In opposition, plaintiff alleges that the Walsh motion relies on the statements of counsel, who has no personal knowledge of the case, and therefore it should not be considered. She contends that large portions of the statements in Ms. Walsh's affidavit are hearsay and should be disregarded. She argues that even if Ms. Walsh had the right to operate a daycare center, that does not preclude plaintiff from bringing this nuisance case as it involves distinct issues.[FN1] She alleges that she has shown that because of the noise and disruption she is being treated for stress and therefore she has established that there has been a substantial interference with her right to live in her apartment. Finally, she alleges that when, at deposition, Ms. Walsh acknowledged that the children at the center make noise and even throw tantrums on occasion, and that this behavior is typical of children, she implicitly conceded that a nuisance exists.

In reply, Ms. Walsh states that her motion does not rely on hearsay. Some of the challenged statements, she notes, relate to counsel's introductory statements summarizing his arguments, and thus do not require personal knowledge. The remainder of the challenged statements cite to Ms. Walsh's deposition, which has evidentiary value. She states that plaintiff's conclusory statements to the contrary carry no weight. She contends that Dr. Solanki's letter, which describes plaintiff's alleged health issues, is hearsay and impermissible as the basis for plaintiff's opposition. Plaintiff's argument that the legality of the daycare center is irrelevant is misguided, as its license establishes that it is permissible for there to be levels of noise that are normal for a daycare center. As plaintiff only alleges normal levels of noise for a daycare facility, she concludes, she cannot establish a cause of action for nuisance.[FN2]

On a motion for summary judgment, the movant has the burden of providing evidence sufficient to show the absence of any material factual issues (Schmidt v One New York Plaza Co. LLC, — NY3d — [1st Dept Aug. 8, 2017] [avail at 2017 WL 3388590, at *1]). If the movant makes this showing, then the burden shifts to the opposing party to show, through materials of evidentiary value, that a triable issue of fact exists (Bedke v Chelsea Gardens Owners Corp., 2010 WL 1641147, *3 [Sup Ct NY County March 25, 2010, No. 601112/2009] [citing Zuckerman v City of New York, 49 NY2d 557, 562 [1980]).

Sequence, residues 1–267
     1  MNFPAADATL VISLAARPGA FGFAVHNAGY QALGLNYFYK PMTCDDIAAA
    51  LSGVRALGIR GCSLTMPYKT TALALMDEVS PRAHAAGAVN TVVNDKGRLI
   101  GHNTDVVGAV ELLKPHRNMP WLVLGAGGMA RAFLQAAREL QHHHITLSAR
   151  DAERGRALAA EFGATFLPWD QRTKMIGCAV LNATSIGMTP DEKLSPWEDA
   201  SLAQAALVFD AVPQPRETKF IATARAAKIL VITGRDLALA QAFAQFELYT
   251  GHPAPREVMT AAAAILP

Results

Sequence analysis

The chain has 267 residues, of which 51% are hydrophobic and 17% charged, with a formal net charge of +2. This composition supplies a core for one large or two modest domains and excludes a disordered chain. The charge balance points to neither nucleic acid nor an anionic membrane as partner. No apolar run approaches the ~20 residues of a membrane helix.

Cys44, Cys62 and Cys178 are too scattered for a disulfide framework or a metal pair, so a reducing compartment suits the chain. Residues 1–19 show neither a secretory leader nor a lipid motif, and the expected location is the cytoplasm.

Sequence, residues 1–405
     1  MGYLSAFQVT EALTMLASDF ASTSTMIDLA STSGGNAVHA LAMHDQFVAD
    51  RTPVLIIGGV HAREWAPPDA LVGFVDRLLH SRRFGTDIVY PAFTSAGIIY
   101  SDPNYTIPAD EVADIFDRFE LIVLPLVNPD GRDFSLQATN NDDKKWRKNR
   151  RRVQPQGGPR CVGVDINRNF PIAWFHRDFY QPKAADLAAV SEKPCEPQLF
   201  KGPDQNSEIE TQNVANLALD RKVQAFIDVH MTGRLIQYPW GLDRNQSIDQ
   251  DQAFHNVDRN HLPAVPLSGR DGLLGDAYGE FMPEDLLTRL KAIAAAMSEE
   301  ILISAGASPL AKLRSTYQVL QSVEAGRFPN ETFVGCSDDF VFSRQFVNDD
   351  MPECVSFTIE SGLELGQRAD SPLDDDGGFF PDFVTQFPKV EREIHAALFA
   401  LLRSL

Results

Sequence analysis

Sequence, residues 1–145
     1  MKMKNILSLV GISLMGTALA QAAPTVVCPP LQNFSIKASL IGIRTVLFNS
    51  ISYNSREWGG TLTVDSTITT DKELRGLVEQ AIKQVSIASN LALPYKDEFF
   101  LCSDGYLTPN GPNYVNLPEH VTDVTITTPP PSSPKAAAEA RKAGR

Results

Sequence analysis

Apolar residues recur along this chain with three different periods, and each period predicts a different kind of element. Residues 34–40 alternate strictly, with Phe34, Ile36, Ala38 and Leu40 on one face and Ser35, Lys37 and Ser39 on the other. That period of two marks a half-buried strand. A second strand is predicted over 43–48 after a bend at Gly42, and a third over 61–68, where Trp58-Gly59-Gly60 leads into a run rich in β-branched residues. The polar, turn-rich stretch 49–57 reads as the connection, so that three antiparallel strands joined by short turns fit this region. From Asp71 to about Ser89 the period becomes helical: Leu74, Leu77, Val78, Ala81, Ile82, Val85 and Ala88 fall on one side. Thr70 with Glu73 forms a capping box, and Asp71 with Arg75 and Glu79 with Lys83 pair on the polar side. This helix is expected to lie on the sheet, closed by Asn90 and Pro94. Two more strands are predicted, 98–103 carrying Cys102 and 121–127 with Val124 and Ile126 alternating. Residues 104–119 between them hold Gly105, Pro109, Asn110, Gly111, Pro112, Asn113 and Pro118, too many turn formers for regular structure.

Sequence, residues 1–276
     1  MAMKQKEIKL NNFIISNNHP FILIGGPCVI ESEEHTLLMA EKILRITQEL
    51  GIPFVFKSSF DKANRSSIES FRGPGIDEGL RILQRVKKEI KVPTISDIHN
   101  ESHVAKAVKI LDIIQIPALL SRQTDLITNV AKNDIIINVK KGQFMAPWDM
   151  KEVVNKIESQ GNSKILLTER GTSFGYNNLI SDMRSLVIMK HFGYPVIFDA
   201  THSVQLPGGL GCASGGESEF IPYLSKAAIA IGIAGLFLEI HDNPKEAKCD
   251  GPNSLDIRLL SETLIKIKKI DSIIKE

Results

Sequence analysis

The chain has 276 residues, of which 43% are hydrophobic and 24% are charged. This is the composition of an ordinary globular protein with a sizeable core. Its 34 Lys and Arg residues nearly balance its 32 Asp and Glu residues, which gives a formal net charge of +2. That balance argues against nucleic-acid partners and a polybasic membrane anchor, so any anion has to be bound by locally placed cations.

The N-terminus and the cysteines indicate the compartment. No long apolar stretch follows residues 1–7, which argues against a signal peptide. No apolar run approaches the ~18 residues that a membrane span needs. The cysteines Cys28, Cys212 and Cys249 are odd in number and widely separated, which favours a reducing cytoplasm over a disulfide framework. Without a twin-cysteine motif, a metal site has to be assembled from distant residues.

To sustain a cause of action for private nuisance, the plaintiff must show that the defendant substantially interfered with the plaintiff's right of enjoyment of his or her property, that the interference was intentional, that the intrusion was unreasonable in character, and that causation exists between the defendant's action and the invasion of the plaintiff's property rights (Ewen v Maccherone, 32 Misc 3d 12, 15 [App T 1st Dept 2011]). The interference is deemed intentional if the defendant knows his or her actions will interfere with the plaintiff's use and enjoyment of the property (Chelsea 18 Partners, LP v Mak, 90 AD3d 38, 43 [1st Dept 2011]). On a summary judgment to dismiss a complaint alleging nuisance, evidence demonstrating that the defendant did not violate a building code provision or local ordinance is not conclusive by itself (see 61 West 62 Owners Corp. v CGM Emp LLC, 16 NY3d 822, 823 [2011]), but is sufficient to shift the burden of proof to the plaintiff (See Massaro v. Jaina Network Sys., Inc., 106 AD3d 701, 703 [2nd Dept 2013] [finding that proof of violations established nuisance]).